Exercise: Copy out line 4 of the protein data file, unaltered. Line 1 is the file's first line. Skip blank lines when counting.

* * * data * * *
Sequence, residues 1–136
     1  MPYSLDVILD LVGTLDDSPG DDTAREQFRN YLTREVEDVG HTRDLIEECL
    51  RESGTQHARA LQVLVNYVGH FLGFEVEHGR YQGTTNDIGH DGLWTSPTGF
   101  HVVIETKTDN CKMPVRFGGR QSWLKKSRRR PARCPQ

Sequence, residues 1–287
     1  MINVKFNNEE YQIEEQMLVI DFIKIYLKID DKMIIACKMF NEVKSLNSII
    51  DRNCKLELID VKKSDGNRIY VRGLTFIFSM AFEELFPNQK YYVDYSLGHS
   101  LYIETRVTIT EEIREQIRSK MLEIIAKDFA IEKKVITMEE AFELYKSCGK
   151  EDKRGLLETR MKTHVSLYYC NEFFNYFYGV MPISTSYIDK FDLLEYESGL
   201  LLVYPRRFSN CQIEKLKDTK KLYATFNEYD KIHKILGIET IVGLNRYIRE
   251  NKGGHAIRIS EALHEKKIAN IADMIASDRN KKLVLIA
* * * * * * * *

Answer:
   101  HVVIETKTDN CKMPVRFGGR QSWLKKSRRR PARCPQ